“How do you have economic growth without power? No power; no growth because without power there can’t be growth. “Egypt increased its electricity by 10 gigawatts, which is equivalent to 10,000 megawatts in 18 months.
“In Nigeria, we have been struggling for 18 years without adding 1,000 megawatts and we have spent about three times above Egypt, why?
“So, I think we all need to be concerned about that.” — Aliko Dangote, 8th June 2019.
Nigerians lack steady electricity supply and this is a fact. What this Article aims to explore are the reasons for this fact and possible solutions.
With an estimated population of 180 million people, (no one is sure of the real figure because population documentation is very lax) Nigeria has an installed electricity generation capacity of 12,000 MW and averagely generates about 4500 MW of electricity to the grid. To put this into proper context; Egypt with a population of 97.5 million generates about 42,000 MW of electricity and plans to increase its generation capacity to 83,000 MW by 2025. This means that Nigeria, with double the population of Egypt, generates less than 15% of the electricity Egypt generates.
Access to energy in Nigeria is less than optimal, with approximately 80 million people lacking access to electricity. Nigeria has the largest access deficit in Sub-Saharan Africa and the second largest in the world, after India. A World Bank Enterprise Survey shows that electricity supply is consistently the biggest constraint to doing business in Nigeria.
So what is the problem? Why are we struggling?
There are several problems plaguing the effective growth of Nigeria’s Electricity sector (Market), each militating against efficient and effective power generation and distribution in varying degrees of seriousness.
Historically, one of the most visible problems hampering the Market is the infrastructural deficit. For example, the inadequacy of gas infrastructure leads to poor gas supply to thermal power plants which greatly impairs the generation capabilities of the power generating companies (“Gencos”). The distribution infrastructure is similarly lacking with power distribution companies (Discos) seeming difficulty to maintain the insufficient power distribution infrastructure they acquired from the erstwhile State-owned power distribution authority prior to the 2013 privatisation of the Nigerian Electricity supply Industry (“NESI”).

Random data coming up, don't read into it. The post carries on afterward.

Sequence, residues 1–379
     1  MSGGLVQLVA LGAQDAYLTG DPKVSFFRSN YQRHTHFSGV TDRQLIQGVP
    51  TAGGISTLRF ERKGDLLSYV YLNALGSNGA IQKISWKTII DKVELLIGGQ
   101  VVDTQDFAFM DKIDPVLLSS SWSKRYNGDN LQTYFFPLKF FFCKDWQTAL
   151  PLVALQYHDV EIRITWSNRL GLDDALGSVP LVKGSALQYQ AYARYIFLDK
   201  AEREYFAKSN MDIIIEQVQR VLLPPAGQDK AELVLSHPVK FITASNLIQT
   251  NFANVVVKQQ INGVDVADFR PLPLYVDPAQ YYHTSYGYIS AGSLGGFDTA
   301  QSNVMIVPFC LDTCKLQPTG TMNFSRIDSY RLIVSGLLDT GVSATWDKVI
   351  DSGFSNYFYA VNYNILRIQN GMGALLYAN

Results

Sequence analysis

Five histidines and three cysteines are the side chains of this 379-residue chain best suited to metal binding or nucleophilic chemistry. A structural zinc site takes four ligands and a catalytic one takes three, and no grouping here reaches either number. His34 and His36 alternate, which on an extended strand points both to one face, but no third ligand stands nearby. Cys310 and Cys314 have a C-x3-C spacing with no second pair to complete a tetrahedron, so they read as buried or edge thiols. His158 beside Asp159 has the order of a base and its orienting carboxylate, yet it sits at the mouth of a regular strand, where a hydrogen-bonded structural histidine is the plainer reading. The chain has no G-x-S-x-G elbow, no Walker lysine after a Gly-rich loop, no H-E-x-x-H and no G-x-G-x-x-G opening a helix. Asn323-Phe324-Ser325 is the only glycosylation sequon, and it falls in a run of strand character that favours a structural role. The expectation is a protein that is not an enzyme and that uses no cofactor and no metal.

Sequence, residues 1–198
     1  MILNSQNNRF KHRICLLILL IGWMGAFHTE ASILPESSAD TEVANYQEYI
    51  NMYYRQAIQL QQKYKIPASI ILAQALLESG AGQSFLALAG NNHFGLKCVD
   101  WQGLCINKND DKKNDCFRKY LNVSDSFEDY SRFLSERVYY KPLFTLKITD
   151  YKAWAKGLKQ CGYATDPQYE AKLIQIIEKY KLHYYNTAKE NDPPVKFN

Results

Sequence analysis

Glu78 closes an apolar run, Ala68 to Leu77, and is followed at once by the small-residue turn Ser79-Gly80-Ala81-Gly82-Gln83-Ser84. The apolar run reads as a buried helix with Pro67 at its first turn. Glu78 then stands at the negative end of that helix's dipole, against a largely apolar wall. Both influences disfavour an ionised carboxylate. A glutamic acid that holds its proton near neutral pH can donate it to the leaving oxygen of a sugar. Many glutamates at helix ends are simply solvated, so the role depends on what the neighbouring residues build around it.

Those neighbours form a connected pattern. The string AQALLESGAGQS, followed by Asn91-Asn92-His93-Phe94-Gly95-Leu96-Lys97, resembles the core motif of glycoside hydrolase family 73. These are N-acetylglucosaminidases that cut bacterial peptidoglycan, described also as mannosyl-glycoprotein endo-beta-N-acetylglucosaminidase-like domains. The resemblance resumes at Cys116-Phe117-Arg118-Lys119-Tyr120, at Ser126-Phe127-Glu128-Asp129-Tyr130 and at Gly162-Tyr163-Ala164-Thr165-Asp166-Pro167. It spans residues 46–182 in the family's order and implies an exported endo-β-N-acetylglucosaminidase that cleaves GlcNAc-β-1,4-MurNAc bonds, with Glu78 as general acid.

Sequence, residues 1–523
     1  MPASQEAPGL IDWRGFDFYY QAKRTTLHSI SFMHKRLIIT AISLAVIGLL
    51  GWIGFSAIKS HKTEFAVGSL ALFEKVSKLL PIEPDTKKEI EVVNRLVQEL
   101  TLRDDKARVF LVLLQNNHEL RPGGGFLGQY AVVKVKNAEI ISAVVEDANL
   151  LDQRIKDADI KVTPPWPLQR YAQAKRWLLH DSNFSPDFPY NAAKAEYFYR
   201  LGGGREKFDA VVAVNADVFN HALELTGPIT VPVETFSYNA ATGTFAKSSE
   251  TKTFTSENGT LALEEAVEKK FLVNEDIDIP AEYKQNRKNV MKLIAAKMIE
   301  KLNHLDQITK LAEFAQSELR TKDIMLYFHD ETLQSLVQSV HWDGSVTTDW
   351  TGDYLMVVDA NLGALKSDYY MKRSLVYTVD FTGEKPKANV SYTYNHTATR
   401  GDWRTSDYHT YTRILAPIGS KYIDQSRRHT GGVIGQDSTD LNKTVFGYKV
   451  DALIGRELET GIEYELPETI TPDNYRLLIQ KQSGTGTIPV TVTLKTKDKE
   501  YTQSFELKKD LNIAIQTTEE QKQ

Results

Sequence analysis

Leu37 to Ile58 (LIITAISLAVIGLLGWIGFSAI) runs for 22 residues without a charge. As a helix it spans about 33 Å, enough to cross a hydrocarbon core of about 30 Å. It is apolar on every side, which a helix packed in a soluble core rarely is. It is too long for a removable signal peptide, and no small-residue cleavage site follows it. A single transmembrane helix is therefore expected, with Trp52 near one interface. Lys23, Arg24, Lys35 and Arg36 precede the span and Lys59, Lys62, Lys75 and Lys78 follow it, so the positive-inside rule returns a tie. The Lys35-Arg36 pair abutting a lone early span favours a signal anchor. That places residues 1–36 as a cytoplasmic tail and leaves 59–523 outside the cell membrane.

Curiously, this infrastructural deficit is worsened by inefficient institutions in the NESI value chain. The major players in the value chain have yet to prove the competence required to guarantee improved investment in power generation and distribution infrastructure. Significantly, the central regulator, the Nigerian Electricity Regulatory Commission (NERC) has not proved equal to the task of engendering investment in the Sector and is generally regarded as a ‘weak’ regulator only concerned with revenue-seeking through issuance of licenses and permits in the sector. Perhaps more telling are the failings of the Transmission Company of Nigeria (“TCN”) in maintaining and developing the Federal Government operated grid. TCN as a utility company is yet to fully install and utilise the Supervisory control and data acquisition (SCADA) software on its network and is therefore ill-equipped to tackle the gargantuan problem of grid expansion, modernisation and stability.
As if the institutional issues are not intractable enough, it is exacerbated by Policy inconsistency or poor implementation. Synergy is key to achieving the collective goals of the electricity supply sector but poor policy cohesion among the various stakeholders in the sector and contract mismatch has led to individual efforts failing to sync and sometimes even ending at cross purposes. For example, poor technical communication between TCN and the Discos has led to load rejection by the distribution companies because TCN is sending power to weak commercial areas on the distribution networks. Load rejection in recent times has accounted for the declining drop in electricity generation and grid instability.